9 Overview of Adult Day Care Programs OVERVIEW OF ADULT DAY CARE PROGRAMS Adult day care centers, also known as adult day services, provide community-based programs to meet the needs of adults who are functionally impaired and/or mentally confused. These structured, comprehensive programs provide a variety of health, social, and related support services including nutrition services for people with Alzheimer s disease and related dementia, chronic illnesses, traumatic brain injuries, developmental disabilities, and other problems that increase their care needs. It is estimated that more than 4,000 adult day care centers are currently operating in the United States, with centers in every state and the District of Columbia. The 1970 s marked the beginning of the adult day care center movement, and the number of centers has grown rapidly, with the demand ever increasing. Most programs are operated on a non-profit basis, and many are affiliated with larger organizations such as home care, skilled nursing facilities, medical centers, or multi-purpose senior organizations. Services are provided in a protective setting during any part of a day, but for less than 24 hours. The hours and days of operation vary from center to center, but most are open during normal business hours, 5 days a week. Some programs operate in the evenings and on weekends. Adult day care programs offer an alternative to institutional long-term care, total in-home care, and assisted living for older or disabled adults, while providing respite to the caregivers. Purpose of the Adult Day Care Resource Manual for the USDA Child and Adult Care Food Program The Adult Day Care Resource Manual for the USDA Child and Adult Care Food Program is a useful tool for planning nutritious meals and snacks for the adults in your care. Meals can be prepared in a variety of ways, including on site, in a central kitchen, or purchased from an outside vendor with a food service contract. However, regardless of the method of meal service, providing safe, nutritious, and appealing meals in a pleasant atmosphere to older adults and adults with disabilities is your opportunity to make a difference and that makes your job very important. The Adult Day Care Resource Manual for the USDA Child and Adult Care Food Program is a useful tool for planning nutritious meals and snacks for the adults in your care. National Food Service Management Institute 3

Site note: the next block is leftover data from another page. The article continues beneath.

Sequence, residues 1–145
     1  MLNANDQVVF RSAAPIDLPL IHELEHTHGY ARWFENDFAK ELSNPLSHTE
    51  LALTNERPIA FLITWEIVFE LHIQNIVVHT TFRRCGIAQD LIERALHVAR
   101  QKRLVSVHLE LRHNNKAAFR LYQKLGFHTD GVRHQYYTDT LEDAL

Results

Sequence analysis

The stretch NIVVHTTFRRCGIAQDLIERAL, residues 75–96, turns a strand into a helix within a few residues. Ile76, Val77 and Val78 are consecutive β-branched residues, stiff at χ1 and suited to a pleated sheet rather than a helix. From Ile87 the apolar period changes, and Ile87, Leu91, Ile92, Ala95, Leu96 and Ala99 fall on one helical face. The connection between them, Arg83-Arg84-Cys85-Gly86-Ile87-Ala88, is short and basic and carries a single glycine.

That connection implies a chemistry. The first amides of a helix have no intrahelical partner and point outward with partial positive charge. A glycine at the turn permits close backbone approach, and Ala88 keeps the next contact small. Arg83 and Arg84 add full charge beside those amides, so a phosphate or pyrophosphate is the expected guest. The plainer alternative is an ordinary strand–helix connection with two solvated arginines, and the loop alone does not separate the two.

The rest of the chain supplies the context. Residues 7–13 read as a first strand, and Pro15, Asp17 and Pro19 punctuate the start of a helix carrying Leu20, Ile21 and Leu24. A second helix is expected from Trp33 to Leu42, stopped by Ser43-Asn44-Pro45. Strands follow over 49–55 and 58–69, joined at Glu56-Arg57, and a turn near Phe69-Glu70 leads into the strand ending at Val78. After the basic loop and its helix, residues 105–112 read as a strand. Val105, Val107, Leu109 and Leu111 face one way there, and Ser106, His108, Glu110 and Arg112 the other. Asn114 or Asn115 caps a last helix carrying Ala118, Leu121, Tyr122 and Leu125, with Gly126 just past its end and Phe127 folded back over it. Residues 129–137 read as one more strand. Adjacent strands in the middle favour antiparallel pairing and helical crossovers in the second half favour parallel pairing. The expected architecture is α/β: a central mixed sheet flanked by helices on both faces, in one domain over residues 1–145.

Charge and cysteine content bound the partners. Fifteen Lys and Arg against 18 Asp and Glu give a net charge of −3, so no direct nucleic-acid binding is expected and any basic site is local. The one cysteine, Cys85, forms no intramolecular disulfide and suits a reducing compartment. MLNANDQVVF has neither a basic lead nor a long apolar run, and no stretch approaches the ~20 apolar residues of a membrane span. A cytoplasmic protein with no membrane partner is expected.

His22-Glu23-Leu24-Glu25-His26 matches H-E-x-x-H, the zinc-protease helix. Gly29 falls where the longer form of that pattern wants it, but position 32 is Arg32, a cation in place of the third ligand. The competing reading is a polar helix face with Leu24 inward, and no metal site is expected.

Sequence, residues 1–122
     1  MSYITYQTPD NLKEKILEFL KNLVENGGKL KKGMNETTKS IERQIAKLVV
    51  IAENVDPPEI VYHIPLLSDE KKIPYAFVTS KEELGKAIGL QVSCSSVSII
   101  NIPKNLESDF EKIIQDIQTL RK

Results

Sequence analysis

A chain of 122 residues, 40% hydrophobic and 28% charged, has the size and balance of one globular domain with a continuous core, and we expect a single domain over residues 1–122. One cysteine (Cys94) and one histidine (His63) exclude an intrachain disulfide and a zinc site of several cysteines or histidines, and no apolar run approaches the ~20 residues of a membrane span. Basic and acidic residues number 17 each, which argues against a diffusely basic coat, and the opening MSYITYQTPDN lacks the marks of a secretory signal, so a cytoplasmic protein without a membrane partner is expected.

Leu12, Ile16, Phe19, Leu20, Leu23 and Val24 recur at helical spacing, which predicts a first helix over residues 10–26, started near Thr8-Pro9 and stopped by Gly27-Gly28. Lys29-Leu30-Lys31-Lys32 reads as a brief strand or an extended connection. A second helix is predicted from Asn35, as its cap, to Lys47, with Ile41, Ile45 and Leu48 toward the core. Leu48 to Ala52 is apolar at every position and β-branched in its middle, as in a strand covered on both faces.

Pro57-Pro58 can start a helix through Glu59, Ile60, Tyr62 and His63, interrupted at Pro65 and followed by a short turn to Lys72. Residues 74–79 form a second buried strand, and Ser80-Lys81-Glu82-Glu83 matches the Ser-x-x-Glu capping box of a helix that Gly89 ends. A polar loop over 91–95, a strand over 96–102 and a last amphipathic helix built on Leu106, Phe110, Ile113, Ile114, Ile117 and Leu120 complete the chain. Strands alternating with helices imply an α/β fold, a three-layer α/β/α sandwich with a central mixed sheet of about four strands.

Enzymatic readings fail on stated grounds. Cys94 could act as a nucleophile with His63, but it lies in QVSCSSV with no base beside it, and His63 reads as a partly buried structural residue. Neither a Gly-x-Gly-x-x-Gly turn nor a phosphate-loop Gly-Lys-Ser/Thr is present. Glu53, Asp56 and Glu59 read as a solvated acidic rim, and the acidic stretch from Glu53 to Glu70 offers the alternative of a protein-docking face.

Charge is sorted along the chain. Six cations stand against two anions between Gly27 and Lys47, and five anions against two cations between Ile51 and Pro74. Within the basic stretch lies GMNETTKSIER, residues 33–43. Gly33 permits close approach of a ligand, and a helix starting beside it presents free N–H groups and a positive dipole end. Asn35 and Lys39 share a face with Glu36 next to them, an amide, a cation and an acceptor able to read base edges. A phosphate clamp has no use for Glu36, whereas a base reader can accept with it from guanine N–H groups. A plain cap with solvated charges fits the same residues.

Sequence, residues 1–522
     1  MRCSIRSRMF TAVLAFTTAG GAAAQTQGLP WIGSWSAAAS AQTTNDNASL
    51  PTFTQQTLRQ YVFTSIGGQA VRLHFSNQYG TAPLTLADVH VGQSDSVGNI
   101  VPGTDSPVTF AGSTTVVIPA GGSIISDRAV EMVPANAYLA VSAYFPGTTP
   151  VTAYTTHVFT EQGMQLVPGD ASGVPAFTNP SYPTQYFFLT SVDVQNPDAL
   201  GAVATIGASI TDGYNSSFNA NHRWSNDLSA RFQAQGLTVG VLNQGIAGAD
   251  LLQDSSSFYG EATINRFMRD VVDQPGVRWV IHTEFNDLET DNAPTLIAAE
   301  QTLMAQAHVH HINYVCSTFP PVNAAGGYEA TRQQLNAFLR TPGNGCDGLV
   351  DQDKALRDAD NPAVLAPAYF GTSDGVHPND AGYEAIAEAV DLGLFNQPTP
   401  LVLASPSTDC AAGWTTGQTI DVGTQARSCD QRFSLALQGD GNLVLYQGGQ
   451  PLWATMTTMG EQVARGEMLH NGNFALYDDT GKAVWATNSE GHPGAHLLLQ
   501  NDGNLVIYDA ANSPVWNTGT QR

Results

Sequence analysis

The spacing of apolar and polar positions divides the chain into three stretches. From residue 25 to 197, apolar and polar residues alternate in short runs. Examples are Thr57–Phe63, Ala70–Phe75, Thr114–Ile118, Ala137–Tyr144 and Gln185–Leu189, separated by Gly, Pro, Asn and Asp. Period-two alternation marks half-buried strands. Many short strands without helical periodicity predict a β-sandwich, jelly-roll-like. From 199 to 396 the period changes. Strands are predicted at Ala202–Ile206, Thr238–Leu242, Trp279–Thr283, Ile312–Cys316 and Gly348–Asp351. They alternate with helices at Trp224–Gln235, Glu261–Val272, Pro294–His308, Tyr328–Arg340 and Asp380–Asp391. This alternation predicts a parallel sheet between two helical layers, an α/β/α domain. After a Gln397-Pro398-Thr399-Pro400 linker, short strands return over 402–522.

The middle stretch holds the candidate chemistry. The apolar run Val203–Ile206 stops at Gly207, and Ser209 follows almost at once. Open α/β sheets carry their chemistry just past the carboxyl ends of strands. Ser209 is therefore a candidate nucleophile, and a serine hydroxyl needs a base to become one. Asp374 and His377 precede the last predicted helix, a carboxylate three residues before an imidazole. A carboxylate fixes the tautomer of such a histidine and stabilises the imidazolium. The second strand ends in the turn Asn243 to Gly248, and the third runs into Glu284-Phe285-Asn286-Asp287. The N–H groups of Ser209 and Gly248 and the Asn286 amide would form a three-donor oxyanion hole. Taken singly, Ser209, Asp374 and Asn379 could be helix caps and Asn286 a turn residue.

10 Adult Day Care Resource Manual for the USDA CACFP The Adult Day Care Resource Manual for the USDA Child and Adult Care Food Program can help you: Plan and serve meals that meet USDA s Adult Day Care Food Program requirements Learn more about the nutrition needs of older adults and adults with disabilities Learn ways to improve the quality of your food service Get ideas and tips on enhancing the atmosphere of your dining area The Adult Day Care Resource Manual for the USDA Child and Adult Care Food Program includes: Sample menus Minimum meal components for the Adult Care Food Program Nutrition information Sample forms to help with menu planning and production Guidance on using and maintaining food production records Information on food safety and sanitation Methods for helping participants who have difficulty feeding themselves Tips for training employees 4 National Food Service Management Institute